We conducted a national survey where all relevant treatment services and psychotherapists with publicly funded individual practices in Norway received a web-based questionnaire. The leaders at the respective clinics and at the individual practices filled out the questionnaire. The response rate among the relevant treatment services was 59.5 %, and among the individual practices, the response rate was 12.1 %. Among those who responded, 147 treatment services specified that they provided treatment for children and adolescents exposed to violence and sexual abuse, 86 services reported that they offered treatment for children and adolescents who use violence, and 71 services reported treating children with problematic or harmful sexual behavior. The Child and Adolescent Outpatient Clinics (BUP) constitutes a significant amount of the total treatment services offered, but the Family Counselling Services, some Child Protective Service Institutions and treatment models implemented by The Norwegian Center for Child Behavioral Development (MST and FFT) were also represented. All geographical regions of Norway reported having treatment for the target groups. The main tendency, however, was that most participating services offered a generalized treatment service, i.e. that they mostly provided treatment to other client groups than to children affected by violence and sexual abuse. Furthermore, the vast majority of the treatment services reported that they only treated between 1 and 10 cases affected by violence and sexual abuse in 2014.
The results reveal that treatment expertise does exist for providing treatment to all three target groups. Most expertise is found, however, in treating children exposed to violence and abuse. The survey also showed that competence and expertise is most wanting for clinics providing treatment to problematic or harmful sexual behavior. Many clinics felt that they were unable to offer optimal treatment to the affected groups, and were particularly unsatisfied with the treatment they provide to children exposed to violence and sexual abuse. In order to improve the service for this vulnerable group they requested an increased capacity and more resources as well as improved cooperation between the treatment services.
Overall, the treatment services reported having good screening procedures in identifying clients’ background information, life situation and general mental health problems. Around half of the treatment services report that they systematically screen all clients for experiences with violence and abuse experiences. Fewer facilities, however, screen for violent acts and problematic and harmful sexual behavior.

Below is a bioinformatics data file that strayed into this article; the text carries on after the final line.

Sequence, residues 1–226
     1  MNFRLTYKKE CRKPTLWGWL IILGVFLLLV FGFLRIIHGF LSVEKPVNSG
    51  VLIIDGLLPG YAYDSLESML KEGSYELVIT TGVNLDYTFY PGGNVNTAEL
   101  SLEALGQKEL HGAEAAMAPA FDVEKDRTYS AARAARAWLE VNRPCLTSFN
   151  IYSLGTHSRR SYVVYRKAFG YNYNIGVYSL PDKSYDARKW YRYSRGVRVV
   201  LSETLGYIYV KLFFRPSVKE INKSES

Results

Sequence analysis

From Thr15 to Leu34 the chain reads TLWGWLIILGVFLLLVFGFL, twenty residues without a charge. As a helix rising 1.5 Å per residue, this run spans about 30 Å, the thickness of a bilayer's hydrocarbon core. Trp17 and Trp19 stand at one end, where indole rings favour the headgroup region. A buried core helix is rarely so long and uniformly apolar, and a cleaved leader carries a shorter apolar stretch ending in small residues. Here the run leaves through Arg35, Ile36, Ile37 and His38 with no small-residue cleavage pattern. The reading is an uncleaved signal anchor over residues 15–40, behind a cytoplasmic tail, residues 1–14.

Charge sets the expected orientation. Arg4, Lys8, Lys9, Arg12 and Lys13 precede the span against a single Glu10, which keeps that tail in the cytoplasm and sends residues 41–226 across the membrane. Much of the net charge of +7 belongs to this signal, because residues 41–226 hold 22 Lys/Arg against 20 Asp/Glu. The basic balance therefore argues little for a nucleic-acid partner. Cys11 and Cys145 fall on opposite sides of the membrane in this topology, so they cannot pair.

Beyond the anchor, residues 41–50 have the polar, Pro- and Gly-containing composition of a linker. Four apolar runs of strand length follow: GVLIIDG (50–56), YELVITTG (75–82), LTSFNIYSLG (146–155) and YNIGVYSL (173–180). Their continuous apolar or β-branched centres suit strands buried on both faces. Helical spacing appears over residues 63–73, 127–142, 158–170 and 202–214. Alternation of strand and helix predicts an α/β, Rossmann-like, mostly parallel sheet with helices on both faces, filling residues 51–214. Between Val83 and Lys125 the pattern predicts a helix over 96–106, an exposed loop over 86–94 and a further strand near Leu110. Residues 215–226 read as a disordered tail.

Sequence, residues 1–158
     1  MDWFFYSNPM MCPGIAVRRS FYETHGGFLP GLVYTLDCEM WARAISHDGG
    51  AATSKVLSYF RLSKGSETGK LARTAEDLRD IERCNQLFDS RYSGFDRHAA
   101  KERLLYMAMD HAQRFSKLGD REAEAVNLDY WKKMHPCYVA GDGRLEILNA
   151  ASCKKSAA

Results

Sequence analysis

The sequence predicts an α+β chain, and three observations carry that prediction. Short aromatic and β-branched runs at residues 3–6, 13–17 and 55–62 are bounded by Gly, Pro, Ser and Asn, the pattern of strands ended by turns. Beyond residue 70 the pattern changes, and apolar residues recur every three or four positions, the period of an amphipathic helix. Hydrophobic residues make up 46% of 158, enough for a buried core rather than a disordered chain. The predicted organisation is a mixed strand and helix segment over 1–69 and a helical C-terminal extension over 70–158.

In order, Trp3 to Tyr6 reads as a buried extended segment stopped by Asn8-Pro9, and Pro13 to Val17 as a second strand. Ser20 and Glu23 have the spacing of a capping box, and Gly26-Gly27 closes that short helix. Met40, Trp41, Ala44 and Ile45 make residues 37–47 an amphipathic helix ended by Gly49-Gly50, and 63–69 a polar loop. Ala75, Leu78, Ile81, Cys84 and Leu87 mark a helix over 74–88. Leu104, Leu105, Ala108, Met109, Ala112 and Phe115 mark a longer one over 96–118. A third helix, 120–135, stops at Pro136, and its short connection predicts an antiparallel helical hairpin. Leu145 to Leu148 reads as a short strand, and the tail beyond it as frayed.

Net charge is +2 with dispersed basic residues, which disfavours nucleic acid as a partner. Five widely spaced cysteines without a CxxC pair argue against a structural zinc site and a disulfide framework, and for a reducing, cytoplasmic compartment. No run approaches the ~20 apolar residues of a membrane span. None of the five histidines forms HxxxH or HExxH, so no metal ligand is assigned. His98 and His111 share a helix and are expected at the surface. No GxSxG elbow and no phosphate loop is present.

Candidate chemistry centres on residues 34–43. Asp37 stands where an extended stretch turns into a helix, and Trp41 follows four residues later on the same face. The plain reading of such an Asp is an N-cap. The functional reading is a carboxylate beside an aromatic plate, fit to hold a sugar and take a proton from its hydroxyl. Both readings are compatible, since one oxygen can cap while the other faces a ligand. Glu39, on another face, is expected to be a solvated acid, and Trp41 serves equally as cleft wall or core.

The different services provide a wide range of treatment methods and treatment approaches, from specialized and well-defined methods, to more general treatment approaches, such as cognitive behavioral therapy and psychodynamic therapy. Many of the stated treatment methods are evidence-based, such as the trauma specific methods TF-CBT and EMDR. It was first and foremost the Child and Adolescent Child Guidance Clinics (BUP) who provided evidence based treatments for children exposed to trauma, while for children using violence, the evidence based methods MST og FFT were first and foremost provided by the Norwegian Center for Child Behavioral Development (Atferdssenteret). Generally, the treatment services were providing individual treatment above group and family therapy, and this trend was visible in the treatment of both exposed children and the children with problematic and harmful violent and sexual behavior.
An important result emerging from this survey was that almost one third of the services reported that they did not have any routines for collaboration and coordinating tasks between services in relation to the treatment of the children affected by violence and sexual abuse. At the same time, the services that did have routines for providing collaboration and coordination were satisfied with these routines, and overall they experienced the cooperation with other services as positive and satisfactory.
In short, the results show that all geographical regions in Norway reported having treatment for the target groups. However, few specialized treatment services were identified. The competence, treatment quality and treatment content varied among the different treatment institutions and target groups. One third reported that they did not have established routines for cooperation in cases where children and adolescents were subjected to violence and sexual abuse and where young people where violent or had harmful sexual behavior.